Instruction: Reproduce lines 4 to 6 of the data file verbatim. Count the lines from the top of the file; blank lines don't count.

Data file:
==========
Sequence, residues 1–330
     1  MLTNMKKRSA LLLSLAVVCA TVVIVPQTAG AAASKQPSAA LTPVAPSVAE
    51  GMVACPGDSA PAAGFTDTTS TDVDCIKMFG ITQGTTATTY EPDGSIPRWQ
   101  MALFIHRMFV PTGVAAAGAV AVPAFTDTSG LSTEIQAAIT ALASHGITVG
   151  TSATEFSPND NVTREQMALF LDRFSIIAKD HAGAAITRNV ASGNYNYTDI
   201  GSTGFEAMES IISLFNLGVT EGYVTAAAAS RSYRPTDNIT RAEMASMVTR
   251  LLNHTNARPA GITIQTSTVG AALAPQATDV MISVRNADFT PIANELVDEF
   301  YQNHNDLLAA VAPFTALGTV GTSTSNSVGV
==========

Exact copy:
   101  MALFIHRMFV PTGVAAAGAV AVPAFTDTSG LSTEIQAAIT ALASHGITVG
   151  TSATEFSPND NVTREQMALF LDRFSIIAKD HAGAAITRNV ASGNYNYTDI
   201  GSTGFEAMES IISLFNLGVT EGYVTAAAAS RSYRPTDNIT RAEMASMVTR